The rejection of regional government in 2004 was largely seen as a refusal of the electorate to accept yet another layer of government. They also have also rejected the opportunity to have elected mayors in a number of cities. There is very little evidence that this view has changed, certainly not from the response to regional parties you mention.

    Ultimately there may be some form of federal arrangement with Scotland, (although I see Ms Sturgeon is currently backing away from full fiscal autonomy, nothing to do with the £10bn black hole I am sure http://www.heraldscotland.com/politics/scottish-politics/scotlands-black-hole-under-snps-fiscal-autonomy-plan-would-balloon-to-alm.123849628 ) but I would be exceptionally careful regarding how far it will go. Likewise the ‘English votes for English Laws’, is possible, but remember, SNP MPS have previously refused to vote on English only matters and the number of occasions in which Scottish Labour MPs did vote to support the Labour Government was extremely limited.

    As for the comment regarding abandoning eurosceptic rhetoric, I would remind you of the 3.8m people who voted UKIP across the entire UK, as well as the 11.3m Conservatives (434k in Scotland), a significant majority of whom seem to be Eurosceptic. They want to be heard.

  • Brexit: a danger for both EU and the UK

    15 May 2015  21:10, by Alexander Peters

    Dear Mr. Iwantout,

    - NO, I am not advocating “aggressive war” against Russia. I am advocating a “campaign of severe and lasting economic sanctions” - as I clearly stated in item 10/ April 25/ 22:18. The necessity for unanimity has made the EU´s response both slow and weak, and furthermore left Putin with the hope that he may shake the sanctions off soon by just bribing one Orban or Tsipras into vetoing them when they come up for extension again in June. Because of the unanimity principle, Europe is prevented from fighting Putin´s imperialism effectively by non-military means at an early stage and may find itself left with no option but to go to war at a later stage - e.g. if Russia should conclude from its present easy conquests in Ukraine that it will get away with a Baltic adventure as well.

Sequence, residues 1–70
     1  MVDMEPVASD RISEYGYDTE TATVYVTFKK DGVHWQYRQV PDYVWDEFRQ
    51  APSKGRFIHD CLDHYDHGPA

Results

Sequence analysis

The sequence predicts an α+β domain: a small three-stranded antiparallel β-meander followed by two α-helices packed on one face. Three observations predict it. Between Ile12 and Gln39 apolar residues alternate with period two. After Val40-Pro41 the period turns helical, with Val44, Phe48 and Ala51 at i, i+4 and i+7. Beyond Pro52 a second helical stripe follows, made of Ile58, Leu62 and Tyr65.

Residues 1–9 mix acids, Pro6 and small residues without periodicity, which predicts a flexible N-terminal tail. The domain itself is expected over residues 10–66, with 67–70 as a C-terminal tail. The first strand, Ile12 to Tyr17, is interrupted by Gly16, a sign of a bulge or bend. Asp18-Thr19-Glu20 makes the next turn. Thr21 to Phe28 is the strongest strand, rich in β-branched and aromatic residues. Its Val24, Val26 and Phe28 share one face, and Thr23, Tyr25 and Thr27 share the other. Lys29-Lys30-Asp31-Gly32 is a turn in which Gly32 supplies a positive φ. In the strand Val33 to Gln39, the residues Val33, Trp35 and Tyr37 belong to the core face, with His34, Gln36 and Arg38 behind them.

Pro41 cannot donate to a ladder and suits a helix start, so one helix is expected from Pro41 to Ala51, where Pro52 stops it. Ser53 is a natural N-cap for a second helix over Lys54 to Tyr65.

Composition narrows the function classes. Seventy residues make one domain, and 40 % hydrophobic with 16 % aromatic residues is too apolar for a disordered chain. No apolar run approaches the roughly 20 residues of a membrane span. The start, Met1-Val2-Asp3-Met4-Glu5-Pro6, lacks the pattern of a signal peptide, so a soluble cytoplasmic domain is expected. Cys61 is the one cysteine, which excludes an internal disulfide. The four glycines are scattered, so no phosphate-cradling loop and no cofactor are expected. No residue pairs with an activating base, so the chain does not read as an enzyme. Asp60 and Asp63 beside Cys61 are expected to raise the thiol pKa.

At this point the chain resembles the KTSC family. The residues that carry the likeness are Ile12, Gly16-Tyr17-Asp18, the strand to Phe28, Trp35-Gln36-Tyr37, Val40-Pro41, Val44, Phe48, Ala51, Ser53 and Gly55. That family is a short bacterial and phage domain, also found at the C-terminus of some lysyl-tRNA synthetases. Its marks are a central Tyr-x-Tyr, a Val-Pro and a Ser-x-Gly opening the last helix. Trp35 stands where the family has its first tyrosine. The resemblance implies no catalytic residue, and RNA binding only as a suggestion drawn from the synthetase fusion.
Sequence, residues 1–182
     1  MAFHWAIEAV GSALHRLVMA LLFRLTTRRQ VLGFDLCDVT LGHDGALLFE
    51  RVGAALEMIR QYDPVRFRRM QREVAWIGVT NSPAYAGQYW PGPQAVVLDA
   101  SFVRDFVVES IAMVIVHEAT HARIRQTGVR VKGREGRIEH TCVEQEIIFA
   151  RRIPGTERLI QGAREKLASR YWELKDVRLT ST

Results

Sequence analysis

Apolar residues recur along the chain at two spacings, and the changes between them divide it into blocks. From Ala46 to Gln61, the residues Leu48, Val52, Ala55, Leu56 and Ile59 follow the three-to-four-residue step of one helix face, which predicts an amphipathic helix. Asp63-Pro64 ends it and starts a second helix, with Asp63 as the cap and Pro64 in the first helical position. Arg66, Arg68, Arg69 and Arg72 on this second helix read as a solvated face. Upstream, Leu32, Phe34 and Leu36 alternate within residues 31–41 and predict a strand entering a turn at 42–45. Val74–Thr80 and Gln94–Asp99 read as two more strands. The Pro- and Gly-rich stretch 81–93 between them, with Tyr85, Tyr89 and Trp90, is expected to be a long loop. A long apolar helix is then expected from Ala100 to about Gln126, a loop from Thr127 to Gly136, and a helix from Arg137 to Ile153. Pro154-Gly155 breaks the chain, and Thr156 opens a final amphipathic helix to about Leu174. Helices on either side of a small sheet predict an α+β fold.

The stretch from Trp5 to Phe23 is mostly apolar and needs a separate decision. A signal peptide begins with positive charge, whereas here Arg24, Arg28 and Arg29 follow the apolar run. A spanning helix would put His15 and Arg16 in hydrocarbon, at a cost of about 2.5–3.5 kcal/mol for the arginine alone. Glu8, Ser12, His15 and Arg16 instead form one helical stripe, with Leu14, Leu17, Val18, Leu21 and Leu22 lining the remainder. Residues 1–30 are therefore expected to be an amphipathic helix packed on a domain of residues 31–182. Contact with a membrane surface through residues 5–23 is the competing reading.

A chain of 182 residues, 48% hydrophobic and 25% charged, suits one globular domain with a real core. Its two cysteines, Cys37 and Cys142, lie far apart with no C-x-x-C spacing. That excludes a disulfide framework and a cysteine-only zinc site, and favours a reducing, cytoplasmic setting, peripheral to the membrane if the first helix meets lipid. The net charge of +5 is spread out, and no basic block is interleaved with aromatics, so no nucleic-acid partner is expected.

- NO, I do not want to go to war with the US either. I want Europe to be able to stand up to the US and, for example, to end NSA spying or CIA torture on European soil. - You are “not aware of situations where EU states have been forced into supporting the US?” - Strange; - in contrast to you, I remember vividly, how the British people were taken into Bush´s Iraq war by their government in 2003, despite the fact that the people in their great majority opposed this war and that the government internally was not convinced of the „reasons“ officially given for it. So, why then, did Tony Blair defy the will of his voters, ignored the biggest steet protests in British history - two million people! - and joined a war against „weapons of mass destruction“ in the existence of which he did not believe?! Well, apparently out of an enormous urge on his part to please the White House and earn „special relationship“ favours, an urge overiding all other considerations, such as party creed, common decency, reason or democracy, an urge, ultimately caused by Britain´s desire to embody that world power - security council seat, Trident and all that - which the country has ceased to be a generation ago. If anything, the example of Blair´s disgrace demonstrates the dangers awaiting the medium- to small-sized European nation state, pretending to still be an “independent” player - great power - in world affairs.